Hydrologic investigations of prairie potholes in North Dakota, 1959-68

Professional Paper 585-A

Edited by:
W.S. Eisenlohr Jr.



A prairie pothole is a depression in the prau1e, capable of storing water, that is the result of glacial processes. Years ago, there were many hundreds of thousands of prairie potholes in the North-Central United States, but large numbers of them have been drained for agricultural use. This report is limited to studies of prairie potholes in the eastern part of the glaciated northern Great Plains region in North Dakota-a rolling upland area covered with glacial drift, called the Coteau du Missouri. Potholes are wetlands that are the primary breeding area of migratory waterfowl in the United States. If production of waterfowl is to continue, suitable wetlands must be maintained, and even new wetlands created to offset those destroyed for agricultural use. The initial stage of the Garrison Diversion Unit calls for a normal annual diversion from Garrison Reservoir of 60,000 acre-feet of water for this purpose.

Many prairie potholes contain large amounts of emergent aquatic vegetatjon known as hydrophytes. Determining the loss of water by transpiration from emergent hydrophytes was one of the major objectives of the present study of the hydrology of prairie potholes. Other hydrologic factors were studied later, but the first part of the study was devoted almost exclusively to the determination of evaporation and transpiration losses at groups of potholes in Ward, Stutsman, and Dickey Counties. The mass-transfer method was used, and by determining the variation in the mass-transfer coefficient throughout a season, the losses by evaporation and transpiration were determined separately. Separate determinations were accomplished by relating the emergent height and the moisture content of the hydrophytes to the rate of transpiration, as determined by the mass-transfer coefficient.

Seasonal evaporation from the study potholes clear of vegetation was found to very nearly equal the generalized evaporation values published by the U.S. Weather Bureau. The effect of hydrophytes in potholes was twofold: their presence reduced evaporation from the water surfaces; and, at the height of the growing season, their transpiration rate, added to the reduced evaporation rate, frequently was greater than the evaporation rate from potholes clear of vegetation.

Net seepage outflow from potholes was generally very small-less than 0.01 foot per day per unit of water surface. This rate of seepage was not insignificant, however, because it often amounted to more than one-fourth of the total seasonal .loss of water from a pothole.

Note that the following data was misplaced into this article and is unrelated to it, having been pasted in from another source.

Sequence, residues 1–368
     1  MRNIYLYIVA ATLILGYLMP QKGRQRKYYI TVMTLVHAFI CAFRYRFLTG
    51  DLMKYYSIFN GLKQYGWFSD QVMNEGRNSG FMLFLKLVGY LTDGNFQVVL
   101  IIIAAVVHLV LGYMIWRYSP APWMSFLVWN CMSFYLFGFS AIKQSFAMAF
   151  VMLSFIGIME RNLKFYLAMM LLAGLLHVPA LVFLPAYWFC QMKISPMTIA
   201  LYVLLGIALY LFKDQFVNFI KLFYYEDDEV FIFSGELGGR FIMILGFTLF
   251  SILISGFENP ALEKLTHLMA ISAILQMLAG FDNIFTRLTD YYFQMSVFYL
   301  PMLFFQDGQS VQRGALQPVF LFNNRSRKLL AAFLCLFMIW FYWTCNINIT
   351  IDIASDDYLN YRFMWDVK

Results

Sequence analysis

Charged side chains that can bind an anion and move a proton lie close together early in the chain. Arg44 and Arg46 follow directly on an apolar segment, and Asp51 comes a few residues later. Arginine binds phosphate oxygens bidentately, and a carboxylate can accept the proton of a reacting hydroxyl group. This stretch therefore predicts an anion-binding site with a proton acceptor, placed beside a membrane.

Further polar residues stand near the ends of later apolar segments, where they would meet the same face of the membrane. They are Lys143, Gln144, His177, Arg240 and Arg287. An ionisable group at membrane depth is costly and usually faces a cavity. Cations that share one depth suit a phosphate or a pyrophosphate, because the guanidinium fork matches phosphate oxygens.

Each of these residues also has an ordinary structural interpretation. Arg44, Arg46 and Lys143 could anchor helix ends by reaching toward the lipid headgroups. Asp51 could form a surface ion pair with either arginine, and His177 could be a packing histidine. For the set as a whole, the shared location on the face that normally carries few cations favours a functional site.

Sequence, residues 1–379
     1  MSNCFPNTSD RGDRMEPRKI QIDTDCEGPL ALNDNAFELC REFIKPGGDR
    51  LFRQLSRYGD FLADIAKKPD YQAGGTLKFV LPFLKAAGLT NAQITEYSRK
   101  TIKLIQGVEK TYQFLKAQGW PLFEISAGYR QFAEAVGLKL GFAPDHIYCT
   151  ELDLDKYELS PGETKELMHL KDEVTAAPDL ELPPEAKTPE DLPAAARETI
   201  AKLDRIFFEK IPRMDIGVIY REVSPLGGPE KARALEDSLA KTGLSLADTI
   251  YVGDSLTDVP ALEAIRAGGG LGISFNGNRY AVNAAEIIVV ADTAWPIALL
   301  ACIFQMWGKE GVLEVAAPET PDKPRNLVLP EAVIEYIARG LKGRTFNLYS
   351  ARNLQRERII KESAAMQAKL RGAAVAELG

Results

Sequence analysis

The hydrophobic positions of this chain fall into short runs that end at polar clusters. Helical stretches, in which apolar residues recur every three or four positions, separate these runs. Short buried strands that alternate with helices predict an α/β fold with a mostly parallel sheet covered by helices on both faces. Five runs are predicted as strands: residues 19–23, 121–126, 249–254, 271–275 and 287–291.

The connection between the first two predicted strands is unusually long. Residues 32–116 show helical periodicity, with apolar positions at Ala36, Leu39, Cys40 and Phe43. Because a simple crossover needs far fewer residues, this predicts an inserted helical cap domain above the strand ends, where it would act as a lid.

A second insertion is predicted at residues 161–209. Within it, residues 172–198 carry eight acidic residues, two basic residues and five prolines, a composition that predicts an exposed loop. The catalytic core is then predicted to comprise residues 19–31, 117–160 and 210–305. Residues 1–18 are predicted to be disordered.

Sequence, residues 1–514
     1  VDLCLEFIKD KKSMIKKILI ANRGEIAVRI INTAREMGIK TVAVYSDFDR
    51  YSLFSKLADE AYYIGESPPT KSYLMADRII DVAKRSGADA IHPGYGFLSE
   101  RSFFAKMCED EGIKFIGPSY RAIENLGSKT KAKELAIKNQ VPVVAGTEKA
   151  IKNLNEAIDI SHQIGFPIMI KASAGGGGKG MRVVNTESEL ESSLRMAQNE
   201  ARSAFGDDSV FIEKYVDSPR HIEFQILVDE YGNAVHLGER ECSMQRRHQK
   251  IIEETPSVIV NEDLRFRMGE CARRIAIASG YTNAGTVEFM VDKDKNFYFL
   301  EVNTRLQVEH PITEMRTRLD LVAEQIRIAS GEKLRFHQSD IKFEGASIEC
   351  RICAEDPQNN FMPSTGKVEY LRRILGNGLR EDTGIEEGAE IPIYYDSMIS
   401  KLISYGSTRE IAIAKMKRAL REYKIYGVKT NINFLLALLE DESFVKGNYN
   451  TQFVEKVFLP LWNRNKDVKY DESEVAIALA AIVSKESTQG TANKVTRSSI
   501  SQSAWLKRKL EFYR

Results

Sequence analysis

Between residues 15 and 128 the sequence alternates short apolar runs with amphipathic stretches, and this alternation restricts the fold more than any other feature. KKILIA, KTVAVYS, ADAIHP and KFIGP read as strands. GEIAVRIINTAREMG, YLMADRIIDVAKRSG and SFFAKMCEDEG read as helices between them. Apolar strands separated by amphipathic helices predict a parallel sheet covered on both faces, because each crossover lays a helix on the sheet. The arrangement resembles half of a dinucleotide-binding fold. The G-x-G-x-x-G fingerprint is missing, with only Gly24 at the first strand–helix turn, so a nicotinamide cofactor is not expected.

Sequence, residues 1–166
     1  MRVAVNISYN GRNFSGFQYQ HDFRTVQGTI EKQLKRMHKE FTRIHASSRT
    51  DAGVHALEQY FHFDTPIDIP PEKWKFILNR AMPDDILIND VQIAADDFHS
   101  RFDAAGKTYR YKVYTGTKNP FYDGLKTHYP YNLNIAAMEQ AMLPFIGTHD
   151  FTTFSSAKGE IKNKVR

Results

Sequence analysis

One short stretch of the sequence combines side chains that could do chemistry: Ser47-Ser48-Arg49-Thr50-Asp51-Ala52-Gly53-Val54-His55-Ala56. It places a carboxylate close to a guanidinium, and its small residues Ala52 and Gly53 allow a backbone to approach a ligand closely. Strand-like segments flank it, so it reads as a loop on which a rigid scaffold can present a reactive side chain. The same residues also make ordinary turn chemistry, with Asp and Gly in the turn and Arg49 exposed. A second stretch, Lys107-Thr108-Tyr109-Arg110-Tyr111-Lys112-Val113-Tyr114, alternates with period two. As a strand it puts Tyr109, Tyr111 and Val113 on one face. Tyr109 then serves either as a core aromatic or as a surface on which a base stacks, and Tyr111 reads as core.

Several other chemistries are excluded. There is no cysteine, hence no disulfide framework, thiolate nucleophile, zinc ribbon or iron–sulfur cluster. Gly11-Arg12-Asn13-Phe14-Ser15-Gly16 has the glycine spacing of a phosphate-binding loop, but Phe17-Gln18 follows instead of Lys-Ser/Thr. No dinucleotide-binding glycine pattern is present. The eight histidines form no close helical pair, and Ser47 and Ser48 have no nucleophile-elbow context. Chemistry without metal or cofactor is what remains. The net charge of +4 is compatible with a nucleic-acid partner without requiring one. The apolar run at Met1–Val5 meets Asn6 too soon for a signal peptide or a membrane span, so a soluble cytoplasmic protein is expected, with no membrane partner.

The source of water supplying the evapotranspiration losses was primarily precipitation on the water surface of a pothole pond. Augmenting this supply was basin inflowoverland flow, flow in channels, and seepage inflow. Of these, overland flow was estimated to have been the largest by far; direct observations were not possible. Basin inflow was very erratic; it depended on combinations of events, such as antecedent soil moisture and rainfall intensity, or depth of snow at time of melting and concurrent rainfall. The occurrences of these combinations were such that, for a given season (October-March or April-September), the total basin inflow generally showed little relation to total precipitation. The greatest inflows were associated with late snowmelt flowing over frozen ground.

Following the evapotranspiration study, the effects of ground-water movement were investigated. All the study potholes were located in areas of glacial till in order to reduce the effect of seepage in the mass-transfer computations. Accordingly, ground-water movement was not a major factor in the water budget of the study potholes; however, it could be, in potholes located in areas of outwash sands and gravels, and in potholes in glacial till with only temporary ponds. Also, the direction of ground-water movement has a controlling effect on the water quality of a pothole pond. Where there is no seepage outflow or overflow, there is no mechanism for the removal of dissolved solids brought to the pond by basin inflow. Such potholes are saline-some even more so than sea water. Conversely, potholes that receive no seepage inflow generally contain fresh water and are usually not permanent. All conditions between these two extremes were found.

The permanence of water in a pothole (the extent to which the water body is permanent) and its quality were found to have a direct and significant relation to the species of vegetation that grows under those conditions. In fact, the species of vegetation are excellent indicators of water quality and permanence, and the report contains a table listing the common species used as indicators and the conditions that they indicate. 

Many other facets of the hydrology of prairie potholes were investigated to ensure that no major factor was ignored, and the investigation results are described briefly.

Additional publication details

Publication type:
Publication Subtype:
USGS Numbered Series
Hydrologic investigations of prairie potholes in North Dakota, 1959-68
Series title:
Professional Paper
Series number:
Year Published:
U.S. Government Printing Office
Publisher location:
Washington, D.C.
Contributing office(s):
Dakota Water Science Center, North Dakota Water Science Center
Report: x, 102 p.; 3 Plates